| April/May 1997

  • Stroke Cycle Engine
    Fig. 2Clerk Two-stroke Cycle Engine
  • Single-acting Engine
    Fig. 1.Four-stroke Single-acting Engine
  • The Day Gas-engine
    Fig. 3 The Day Gas-engine

  • Stroke Cycle Engine
  • Single-acting Engine
  • The Day Gas-engine

The following begins a series of articles from the 1923 edition of Modern Mechanical Engineering, on the subject of gas engines. The original articles were sent to us by Jan van der Gugten, 2633 Ware Street, Abbotsford, B.C., Canada V2S 3E2, who thought our readers would find them of interest.

CHAPTER 1: Introduction

Historical Summary.Space permits of a very brief reference only to the early history of the internal-combustion engine; for a full account the reader may consult Vol. I of Sir D. Clerk's The Gas, Petrol, and Oil Engine. Probably the earliest instance of the use in Britain of an explosion to obtain mechanical effect is that of the primitive cannon used by Edward III about A.D. 1327. Three hundred and fifty years later C. Huygens, followed by Papin and d' Hauteville, endeavored to obtain continuous motion from successive explosions of gunpowder in a cylinder fitted with a piston; and much later still, viz. in 1820, Farish of Cambridge constructed a small engine intended to be driven by gunpowder; this explosive is, however, quite unsuited for use in internal-combustion engines for both thermal and practical reasons.

In 1820 Cecil, also of Cambridge, made what was probably the first actually working gas-engine, using as his fuel an explosive mixture of hydrogen and air; thereafter appeared in succession Brown's 'gas-vacuum' engine, Wright's engine, Barnett's engines, and the very singular 'free-piston' engines of Barsanti and Matteucci and of Otto and Langen; and in 1860 the once popular, though very uneconomical, Lenoir engine, which may be fairly described as a double-acting steam-engine using a mixture of coal-gas and air in lieu of steam; Hugon (1865) effected improvements in the details of Lenoir, but its still high fuel consumption caused its abandonment in favour of the much more economical, though mechanically objectionable, Otto and Langen free-piston type. It should be mentioned also here that in 1873 there appeared in America the theoretically efficient 'constant pressure' Brayton gas-engine, whose success was prevented by practical difficulties; the modern highly economical Diesel oil-engine illustrates the principle embodied in the Brayton of burning fuel at (approximately) constant pressure during its admission to the combustion chamber.

The final step in the evolution of the modern four-stroke cycle internal-combustion engine was made in 1862 when de Rochas first laid down explicitly the procedure to be adopted to obtain maximum economy in the working of gas-engines, comprising suction, compression, explosion and expansion, and exhaustall performed within the working cylinder.

A four-stroke single-acting engine of the simplest type is illustrated diagrammatically in Fig. 1. It includes an open ended cylinder fitted with a closely fitting piston which drives a crank by means of the usual type of connecting-rod; in the upper end, or 'combustion chamber', of the cylinder a pocket is formed containing the inlet valve A, and exhaust valve B, the latter being forcibly raised at suitable intervals by a cam C and roller-ended tappet-rod D. Suppose the engine to be turning, and the suction stroke about to commence. The piston in its descent creates a partial vacuum above it, the inlet valve A accordingly opens and fresh mixture passes into the cylinder; this is the suction stroke. When the piston has reached the bottom of its stroke and commenced to return the inlet automatically closes, and the upper charge is compressed into the upper part of the cylinder and valve pocket; this is the compression stroke. The mixture is exploded by the ignition plug at, or near, the instant of greatest compression, and the piston is next driven downwards, thus performing the expansion or working stroke. Near the bottom of this stroke the cam C lifts the exhaust valve B, and the burnt gases escape into the atmosphere; B remains open throughout the whole of the succeeding or exhaust stroke; this cycle is repeated indefinitely so long as the engine continues running. The cam-shaft is driven by gearing at half the crank-shaft speed, and is accordingly frequently referred to as the 'half-time' shaft. In all modern engines the inlet valve is also cam-operated, an increased volumetric efficiency and increased speed being thus obtained.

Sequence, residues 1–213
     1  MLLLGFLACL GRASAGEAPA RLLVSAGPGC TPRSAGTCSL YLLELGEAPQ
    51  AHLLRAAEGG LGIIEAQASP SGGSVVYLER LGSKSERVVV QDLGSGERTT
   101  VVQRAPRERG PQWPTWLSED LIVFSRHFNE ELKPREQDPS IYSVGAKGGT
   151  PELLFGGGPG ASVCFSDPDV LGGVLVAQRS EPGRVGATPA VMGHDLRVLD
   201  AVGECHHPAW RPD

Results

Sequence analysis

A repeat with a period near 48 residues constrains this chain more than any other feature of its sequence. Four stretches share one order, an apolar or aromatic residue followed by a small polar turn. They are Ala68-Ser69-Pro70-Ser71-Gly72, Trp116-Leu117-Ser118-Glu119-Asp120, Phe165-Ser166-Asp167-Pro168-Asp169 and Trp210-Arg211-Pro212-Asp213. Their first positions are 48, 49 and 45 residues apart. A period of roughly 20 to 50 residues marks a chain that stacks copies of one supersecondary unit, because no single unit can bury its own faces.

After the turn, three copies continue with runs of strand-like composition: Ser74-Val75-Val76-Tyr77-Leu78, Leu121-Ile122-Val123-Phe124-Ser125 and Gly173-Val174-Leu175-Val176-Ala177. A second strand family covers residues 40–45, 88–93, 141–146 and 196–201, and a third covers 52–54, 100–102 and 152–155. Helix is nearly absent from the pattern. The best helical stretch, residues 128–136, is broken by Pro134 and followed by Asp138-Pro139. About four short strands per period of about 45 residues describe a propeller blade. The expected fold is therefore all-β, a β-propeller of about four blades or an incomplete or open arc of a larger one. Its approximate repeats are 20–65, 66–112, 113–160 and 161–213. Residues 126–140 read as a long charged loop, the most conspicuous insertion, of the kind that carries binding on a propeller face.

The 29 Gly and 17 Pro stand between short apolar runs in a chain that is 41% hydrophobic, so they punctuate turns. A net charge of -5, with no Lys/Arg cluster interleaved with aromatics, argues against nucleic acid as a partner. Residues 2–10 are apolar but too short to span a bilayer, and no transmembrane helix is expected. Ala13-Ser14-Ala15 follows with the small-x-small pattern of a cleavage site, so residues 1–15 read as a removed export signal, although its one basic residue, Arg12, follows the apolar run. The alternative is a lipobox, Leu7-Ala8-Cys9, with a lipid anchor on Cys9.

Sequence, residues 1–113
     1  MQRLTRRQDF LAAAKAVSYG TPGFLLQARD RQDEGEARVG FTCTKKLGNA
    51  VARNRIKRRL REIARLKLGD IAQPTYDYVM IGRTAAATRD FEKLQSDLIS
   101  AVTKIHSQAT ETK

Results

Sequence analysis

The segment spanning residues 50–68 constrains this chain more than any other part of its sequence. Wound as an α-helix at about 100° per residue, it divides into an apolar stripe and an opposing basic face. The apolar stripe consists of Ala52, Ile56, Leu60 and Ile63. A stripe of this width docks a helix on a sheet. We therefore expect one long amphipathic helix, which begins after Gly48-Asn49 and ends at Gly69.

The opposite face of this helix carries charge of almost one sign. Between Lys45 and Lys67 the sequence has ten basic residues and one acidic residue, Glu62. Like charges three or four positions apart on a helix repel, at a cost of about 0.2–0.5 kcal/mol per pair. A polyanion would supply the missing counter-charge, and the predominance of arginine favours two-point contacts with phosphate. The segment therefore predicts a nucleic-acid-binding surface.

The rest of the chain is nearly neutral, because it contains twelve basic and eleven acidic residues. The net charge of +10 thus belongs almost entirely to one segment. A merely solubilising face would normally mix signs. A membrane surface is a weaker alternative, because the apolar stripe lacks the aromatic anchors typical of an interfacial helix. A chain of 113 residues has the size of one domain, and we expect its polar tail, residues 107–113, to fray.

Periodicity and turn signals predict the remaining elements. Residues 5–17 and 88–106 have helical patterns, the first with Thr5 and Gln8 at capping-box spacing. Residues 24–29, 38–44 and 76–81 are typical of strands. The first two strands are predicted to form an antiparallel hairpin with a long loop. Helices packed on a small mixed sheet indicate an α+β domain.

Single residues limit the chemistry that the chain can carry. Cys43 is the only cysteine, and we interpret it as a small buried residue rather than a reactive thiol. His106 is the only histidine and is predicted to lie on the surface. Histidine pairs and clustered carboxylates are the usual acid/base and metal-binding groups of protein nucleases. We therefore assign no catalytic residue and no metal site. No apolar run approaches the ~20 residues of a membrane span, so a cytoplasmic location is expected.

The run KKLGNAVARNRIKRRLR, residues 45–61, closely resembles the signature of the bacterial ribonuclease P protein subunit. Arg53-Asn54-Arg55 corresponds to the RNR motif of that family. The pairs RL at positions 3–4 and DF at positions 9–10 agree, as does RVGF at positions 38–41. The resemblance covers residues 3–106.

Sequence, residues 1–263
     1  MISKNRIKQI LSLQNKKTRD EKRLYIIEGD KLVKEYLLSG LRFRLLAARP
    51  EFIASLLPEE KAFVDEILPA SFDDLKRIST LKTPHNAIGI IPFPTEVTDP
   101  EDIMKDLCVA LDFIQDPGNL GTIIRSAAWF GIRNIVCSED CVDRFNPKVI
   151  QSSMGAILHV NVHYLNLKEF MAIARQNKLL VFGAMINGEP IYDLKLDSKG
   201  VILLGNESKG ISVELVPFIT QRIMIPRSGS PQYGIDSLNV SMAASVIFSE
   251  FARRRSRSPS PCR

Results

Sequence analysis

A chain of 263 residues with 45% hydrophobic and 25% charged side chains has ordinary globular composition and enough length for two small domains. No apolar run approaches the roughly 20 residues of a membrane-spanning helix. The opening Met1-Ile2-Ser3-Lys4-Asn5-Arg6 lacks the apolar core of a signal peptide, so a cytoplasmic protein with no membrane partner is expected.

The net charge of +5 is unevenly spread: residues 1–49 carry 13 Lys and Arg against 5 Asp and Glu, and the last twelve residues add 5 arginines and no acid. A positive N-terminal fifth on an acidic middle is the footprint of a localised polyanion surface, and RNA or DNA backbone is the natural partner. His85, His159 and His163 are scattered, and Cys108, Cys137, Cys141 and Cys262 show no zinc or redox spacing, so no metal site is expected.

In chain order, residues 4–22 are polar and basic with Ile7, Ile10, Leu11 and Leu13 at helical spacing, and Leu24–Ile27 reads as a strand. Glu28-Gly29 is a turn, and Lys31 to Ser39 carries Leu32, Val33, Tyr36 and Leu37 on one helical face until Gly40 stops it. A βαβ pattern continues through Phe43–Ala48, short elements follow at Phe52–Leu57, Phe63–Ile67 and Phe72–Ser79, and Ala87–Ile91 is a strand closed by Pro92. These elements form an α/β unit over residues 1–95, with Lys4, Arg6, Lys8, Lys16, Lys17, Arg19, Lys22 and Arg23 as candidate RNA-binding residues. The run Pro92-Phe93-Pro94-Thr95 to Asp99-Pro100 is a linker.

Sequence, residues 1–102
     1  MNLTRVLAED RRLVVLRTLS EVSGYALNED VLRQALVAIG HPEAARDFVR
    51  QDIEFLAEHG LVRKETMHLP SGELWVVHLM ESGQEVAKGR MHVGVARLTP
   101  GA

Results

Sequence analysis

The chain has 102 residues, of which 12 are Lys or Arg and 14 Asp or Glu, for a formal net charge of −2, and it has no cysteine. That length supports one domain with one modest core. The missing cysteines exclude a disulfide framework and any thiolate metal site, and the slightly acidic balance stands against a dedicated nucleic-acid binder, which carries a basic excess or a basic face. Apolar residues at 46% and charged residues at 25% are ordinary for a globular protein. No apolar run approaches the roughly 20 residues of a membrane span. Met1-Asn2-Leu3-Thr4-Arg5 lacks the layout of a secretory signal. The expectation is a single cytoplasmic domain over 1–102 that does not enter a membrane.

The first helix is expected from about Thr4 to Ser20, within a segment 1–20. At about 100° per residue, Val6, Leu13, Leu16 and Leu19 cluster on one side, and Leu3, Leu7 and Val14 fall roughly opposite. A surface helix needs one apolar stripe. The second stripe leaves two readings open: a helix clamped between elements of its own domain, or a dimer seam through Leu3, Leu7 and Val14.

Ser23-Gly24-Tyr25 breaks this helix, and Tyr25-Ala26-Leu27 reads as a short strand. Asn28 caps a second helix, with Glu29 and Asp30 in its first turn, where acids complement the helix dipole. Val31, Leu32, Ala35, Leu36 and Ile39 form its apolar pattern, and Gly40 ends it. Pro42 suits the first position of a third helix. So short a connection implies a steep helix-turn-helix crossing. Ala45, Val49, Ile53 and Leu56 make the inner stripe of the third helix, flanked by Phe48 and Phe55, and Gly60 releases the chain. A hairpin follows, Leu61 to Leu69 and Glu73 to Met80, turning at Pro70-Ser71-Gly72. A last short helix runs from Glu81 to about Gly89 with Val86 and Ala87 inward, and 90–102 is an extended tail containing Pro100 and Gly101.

The Otto Silent Gas-Engine.It was not, however, until 1876 that Dr. Otto produced his world-famous 'silent' gas-engine, working exactly upon the four-stroke cycle as laid down by de Rochas fourteen years earlier. Otto realized the de Rochas cycle in a practical and most successful manner and employed flame ignition. The gas consumption of his engines was at once found to be much lower than had ever previously been attained, averaging only from about 24 to 30 c. ft. of coal-gas per brake horse-power hour. The introduction of the 'Otto silent gas-engine' marked the beginning of the era of the internal-combustion engine as a prime mover of world-wide importance.


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